Mailbag: Huntington Beach protesters stood against racism
How has such cruelty been unleashed in our city, in our country and around the world?
Not only are we confronted with a mindless virus whose U.S. death toll exceeds the number of Americans who died in Vietnam, we are also witness to the deadly racism that seems to have infected our legal and medical institutions.
Our economy is in crisis. Our healthcare system is in crisis. Our law enforcement agencies are perceived as untrustworthy.
Cruelty is running rampant from the ungracious and mendacious tweets of President Trump to the knee-on-the-neck death of George Floyd to the torture of homeless people on the streets of Huntington Beach.
Let us express kindness. Let us demonstrate compassion. And let us cast votes in a manner that confirms our commitment to peace and justice.
Let us boldly express our collective humanity. The time is now, the hour is late. Let’s not spend a minute indulging hate.
Racial and gender inequity persist
Having lived through the Watts Riots in 1965, and the fires and destruction following the assassination of Martin Luther King Jr. in 1968, I instinctively knew protests, rioting and looting would be quickly returning to America and Orange County. African Americans have literally and figuratively been under the boot of their white counterparts for centuries. Just as women of all colors have been under the boot of men since the beginning of time. How much longer must we wait until every American is truly free of racial or gender tyranny?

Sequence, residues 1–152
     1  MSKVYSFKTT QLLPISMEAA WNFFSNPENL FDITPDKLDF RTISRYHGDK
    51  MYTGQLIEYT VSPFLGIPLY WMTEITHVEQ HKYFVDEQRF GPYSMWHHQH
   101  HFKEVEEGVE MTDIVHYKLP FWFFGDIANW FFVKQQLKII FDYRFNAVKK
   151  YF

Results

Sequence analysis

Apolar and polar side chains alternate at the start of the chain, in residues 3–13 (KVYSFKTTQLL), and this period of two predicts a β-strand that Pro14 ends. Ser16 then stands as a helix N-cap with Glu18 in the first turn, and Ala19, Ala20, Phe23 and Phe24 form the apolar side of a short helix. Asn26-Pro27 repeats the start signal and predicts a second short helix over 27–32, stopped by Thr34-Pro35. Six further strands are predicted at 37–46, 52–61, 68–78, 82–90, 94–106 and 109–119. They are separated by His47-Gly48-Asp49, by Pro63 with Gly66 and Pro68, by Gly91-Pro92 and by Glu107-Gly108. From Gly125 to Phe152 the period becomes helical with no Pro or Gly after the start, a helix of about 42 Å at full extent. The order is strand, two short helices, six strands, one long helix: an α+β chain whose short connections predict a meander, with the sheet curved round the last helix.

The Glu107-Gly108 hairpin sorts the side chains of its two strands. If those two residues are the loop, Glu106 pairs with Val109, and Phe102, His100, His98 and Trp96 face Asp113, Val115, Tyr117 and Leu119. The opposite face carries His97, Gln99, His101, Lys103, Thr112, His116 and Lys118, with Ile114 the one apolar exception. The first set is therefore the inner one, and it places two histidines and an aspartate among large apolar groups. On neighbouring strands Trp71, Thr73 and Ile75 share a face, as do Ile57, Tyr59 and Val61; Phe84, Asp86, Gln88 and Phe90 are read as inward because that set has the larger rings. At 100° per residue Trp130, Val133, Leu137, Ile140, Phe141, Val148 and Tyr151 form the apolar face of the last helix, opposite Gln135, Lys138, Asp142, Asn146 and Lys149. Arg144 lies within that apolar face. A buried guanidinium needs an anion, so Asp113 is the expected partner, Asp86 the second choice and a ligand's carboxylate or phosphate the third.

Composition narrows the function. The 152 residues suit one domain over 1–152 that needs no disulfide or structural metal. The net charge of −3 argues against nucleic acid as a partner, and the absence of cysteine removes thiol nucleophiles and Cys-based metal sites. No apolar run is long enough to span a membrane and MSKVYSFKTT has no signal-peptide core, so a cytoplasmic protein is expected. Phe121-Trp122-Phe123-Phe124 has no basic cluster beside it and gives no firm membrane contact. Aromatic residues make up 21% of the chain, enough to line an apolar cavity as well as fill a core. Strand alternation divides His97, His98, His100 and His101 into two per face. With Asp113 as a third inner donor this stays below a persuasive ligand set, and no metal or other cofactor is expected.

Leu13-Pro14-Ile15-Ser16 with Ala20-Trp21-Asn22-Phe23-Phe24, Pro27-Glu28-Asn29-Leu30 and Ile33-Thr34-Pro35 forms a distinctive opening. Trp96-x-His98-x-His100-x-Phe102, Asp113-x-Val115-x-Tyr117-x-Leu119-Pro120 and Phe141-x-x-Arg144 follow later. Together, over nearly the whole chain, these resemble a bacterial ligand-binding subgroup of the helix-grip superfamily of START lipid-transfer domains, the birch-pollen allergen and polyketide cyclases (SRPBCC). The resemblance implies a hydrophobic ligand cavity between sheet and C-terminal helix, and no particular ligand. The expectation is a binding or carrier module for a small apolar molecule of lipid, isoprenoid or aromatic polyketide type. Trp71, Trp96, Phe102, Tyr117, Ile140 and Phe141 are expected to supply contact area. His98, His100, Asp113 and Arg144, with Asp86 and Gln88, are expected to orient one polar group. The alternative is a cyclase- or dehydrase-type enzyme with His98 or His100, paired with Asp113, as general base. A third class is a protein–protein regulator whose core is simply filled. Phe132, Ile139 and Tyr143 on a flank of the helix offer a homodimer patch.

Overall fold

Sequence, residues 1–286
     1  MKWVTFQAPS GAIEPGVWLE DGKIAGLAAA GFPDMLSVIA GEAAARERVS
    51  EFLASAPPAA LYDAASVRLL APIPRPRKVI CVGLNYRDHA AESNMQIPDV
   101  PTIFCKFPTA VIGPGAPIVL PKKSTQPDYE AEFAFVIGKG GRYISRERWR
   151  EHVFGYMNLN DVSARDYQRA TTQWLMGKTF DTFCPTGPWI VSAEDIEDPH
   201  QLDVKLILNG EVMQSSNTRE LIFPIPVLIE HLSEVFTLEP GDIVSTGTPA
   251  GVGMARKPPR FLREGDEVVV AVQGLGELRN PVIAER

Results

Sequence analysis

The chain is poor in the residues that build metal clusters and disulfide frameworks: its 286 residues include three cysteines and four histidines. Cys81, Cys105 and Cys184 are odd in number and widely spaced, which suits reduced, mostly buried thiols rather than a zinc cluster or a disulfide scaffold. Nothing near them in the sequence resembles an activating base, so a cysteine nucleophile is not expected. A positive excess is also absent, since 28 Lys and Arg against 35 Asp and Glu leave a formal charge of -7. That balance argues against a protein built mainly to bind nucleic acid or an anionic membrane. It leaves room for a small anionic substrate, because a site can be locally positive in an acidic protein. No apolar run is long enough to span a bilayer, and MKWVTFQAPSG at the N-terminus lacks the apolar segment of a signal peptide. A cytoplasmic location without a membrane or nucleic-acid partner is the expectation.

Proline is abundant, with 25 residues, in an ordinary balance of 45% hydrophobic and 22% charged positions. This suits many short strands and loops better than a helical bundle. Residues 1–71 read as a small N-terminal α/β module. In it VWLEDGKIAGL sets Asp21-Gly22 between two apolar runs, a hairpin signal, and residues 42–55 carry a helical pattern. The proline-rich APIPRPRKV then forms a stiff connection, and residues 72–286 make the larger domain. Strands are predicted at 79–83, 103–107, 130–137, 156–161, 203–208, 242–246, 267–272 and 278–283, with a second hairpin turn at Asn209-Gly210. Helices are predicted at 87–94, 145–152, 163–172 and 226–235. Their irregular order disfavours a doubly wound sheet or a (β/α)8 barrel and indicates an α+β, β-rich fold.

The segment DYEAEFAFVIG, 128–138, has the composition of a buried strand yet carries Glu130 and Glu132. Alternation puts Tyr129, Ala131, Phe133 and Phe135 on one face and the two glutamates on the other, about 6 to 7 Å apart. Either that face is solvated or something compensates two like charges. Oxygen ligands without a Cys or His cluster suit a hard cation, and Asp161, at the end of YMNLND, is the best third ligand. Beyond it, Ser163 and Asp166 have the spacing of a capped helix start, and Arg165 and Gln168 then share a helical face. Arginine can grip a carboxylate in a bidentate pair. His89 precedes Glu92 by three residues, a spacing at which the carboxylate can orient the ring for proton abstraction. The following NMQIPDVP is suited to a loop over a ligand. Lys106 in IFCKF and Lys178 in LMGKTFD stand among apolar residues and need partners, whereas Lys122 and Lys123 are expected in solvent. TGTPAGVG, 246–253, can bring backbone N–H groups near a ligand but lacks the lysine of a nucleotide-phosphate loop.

Rep. Rouda acts on O.C.'s behalf
Letter writer Caroline Kerr Taylor praises Rep. Harley Rouda (“Harley Rouda is responding to the crisis,” May 26)
for serving his constituents well through his support for the Heroes Act. I checked out the details of the legislation.
According to the House Appropriations Committee for local governments, this legislation would bring $2.7 billion to local governments in coastal Orange County. The praise for our congressman is well-deserved.
A message to high school grads
What in the world can I possibly say to the class of 2020? You are going through the weirdest time and arguably the oddest graduation ever.
You will have missed the prom, the all-night party and the after-all-night party. You will miss giving everyone big hugs, writing in their yearbooks, promising to keep in touch and telling them you love them.
You will miss the look of pride and a smattering of fear on the faces of your family. You will miss waking up late the next afternoon, not believing that you actually graduated and cautiously contemplating your future.
You know how on TV they keep saying “We’re all in this together”? Well, your class really is. No one else on earth will know what it is like graduating in the time of the novel coronavirus, and that is going to hold you together like no other class.